‘The intentional suppression of material evidence by the state would, of course, be a denial of a fair trial and due process. This could, in some circumstances, be manifest by a failure of the prosecution to call certain witnesses. Curtis v. Rives, 75 U.S.App. D.C. 66, 123 F.2d 936, 938; cf. Mooney v. Holohan, 294 U.S. 103, 55 S.Ct. 340, 79 L.Ed. 791. Such a denial would likewise exist where the prosecution was allowed to control the course of proceedings in a manner which would prevent the accused from presenting material evidence. The rule requiring the disclosure of the identity of an alleged informer in designed to prevent such injustices. The rationale of that rule is that the defendant, through the testimony of the informer when his identity is made known, might be able to rebut a material element of the prosecution's case and thereby prove his innocence. The denial by the prosecution of an opportunity for the defendant to seek out the informer and to defend by these means, where the testimony of the informer would be material to the issues, is unfair and oppressive to the defendant, and deprives him of due process of law. See Roviaro v. United States, 353 U.S. 53, 63–64, 77 S.Ct. 623, 1 L.Ed.2d 639; People v. Mc.Shann, supra, 50 Cal.2d 802, 809, 810, 330 P.2d 33.’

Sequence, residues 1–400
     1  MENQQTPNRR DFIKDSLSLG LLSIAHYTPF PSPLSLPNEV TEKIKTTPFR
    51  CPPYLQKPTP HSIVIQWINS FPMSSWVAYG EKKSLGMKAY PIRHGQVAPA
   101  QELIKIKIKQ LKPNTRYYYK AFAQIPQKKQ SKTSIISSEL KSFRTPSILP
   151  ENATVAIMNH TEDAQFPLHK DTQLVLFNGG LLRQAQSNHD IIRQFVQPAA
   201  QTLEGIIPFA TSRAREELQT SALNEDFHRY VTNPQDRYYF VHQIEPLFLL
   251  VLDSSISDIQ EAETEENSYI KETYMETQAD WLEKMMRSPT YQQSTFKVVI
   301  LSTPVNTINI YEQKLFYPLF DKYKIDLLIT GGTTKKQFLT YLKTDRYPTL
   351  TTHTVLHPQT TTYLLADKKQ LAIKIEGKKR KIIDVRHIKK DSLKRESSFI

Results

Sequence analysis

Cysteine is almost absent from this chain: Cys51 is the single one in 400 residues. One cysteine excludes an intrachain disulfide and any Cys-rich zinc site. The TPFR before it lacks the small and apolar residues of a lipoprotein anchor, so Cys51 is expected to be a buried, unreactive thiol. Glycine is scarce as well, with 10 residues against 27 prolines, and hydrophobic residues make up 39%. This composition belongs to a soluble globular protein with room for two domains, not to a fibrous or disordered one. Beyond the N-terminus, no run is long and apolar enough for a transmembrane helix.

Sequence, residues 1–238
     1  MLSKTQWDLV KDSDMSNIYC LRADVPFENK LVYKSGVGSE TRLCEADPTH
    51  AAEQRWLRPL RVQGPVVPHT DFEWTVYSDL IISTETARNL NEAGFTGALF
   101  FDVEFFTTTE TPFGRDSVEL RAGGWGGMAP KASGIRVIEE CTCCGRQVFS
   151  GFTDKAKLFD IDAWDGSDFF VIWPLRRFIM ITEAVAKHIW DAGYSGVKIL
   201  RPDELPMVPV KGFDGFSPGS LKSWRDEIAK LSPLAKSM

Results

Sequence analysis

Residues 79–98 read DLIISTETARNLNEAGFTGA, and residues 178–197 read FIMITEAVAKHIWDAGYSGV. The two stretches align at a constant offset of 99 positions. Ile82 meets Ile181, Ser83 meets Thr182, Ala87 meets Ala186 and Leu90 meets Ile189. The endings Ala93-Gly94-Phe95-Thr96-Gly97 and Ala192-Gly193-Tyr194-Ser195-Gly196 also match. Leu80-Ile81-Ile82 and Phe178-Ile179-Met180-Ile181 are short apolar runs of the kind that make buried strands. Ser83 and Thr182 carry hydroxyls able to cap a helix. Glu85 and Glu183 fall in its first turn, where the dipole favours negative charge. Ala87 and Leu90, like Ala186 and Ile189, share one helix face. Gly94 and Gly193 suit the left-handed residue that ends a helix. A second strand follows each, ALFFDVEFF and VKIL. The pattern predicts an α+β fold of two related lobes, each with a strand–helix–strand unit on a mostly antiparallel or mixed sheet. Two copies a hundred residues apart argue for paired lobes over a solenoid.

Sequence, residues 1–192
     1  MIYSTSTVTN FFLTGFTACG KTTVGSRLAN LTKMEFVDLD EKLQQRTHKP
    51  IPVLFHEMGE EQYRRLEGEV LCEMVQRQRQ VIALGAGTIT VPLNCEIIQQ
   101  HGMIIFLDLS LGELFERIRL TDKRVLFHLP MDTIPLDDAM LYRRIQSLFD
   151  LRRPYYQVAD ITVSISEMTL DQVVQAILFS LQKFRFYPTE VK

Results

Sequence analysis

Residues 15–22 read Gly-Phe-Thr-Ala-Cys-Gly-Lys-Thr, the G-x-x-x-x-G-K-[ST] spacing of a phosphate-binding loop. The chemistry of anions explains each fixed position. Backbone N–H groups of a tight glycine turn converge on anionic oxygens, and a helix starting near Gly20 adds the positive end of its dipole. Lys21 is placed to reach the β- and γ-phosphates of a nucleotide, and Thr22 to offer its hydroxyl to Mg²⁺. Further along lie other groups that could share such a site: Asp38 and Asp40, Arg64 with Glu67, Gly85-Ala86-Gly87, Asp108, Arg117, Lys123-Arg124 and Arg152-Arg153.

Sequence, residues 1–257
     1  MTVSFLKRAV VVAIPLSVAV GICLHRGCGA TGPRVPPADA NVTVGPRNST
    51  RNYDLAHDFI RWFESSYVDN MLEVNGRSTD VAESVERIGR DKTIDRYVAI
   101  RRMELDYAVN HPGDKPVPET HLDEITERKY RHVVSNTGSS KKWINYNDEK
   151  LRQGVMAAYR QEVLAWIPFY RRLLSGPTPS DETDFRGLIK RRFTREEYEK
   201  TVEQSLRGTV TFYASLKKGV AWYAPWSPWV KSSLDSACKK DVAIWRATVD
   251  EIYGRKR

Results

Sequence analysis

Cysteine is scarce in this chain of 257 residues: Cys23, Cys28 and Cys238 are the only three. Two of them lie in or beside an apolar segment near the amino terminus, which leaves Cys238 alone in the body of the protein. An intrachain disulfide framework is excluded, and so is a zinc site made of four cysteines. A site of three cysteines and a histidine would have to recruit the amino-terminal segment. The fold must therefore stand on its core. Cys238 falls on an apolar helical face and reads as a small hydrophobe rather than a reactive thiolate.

In the Kiihoa case, the court held that a fair trial had not been had because the state had been allowed to withhold prosecution of the defendant during such time as a material witness might be available, and proceeded to trial only when it was thought that the witness was out of the jurisdiction and unabailable to testify. The defendant had denied knowing the alleged informant, thus putting in issue the credibility of the chief prosecution witness, and it was uncontroverted that the defendant was released after the first arrest in order to avoid the necessity of identifying the informer. The court was careful to point out (53 Cal.2d at page 754, 3 Cal.Rptr. at page 5) that it was not holding that the mere unavailability of a material witness would necessarily result in a denial of due process in every case.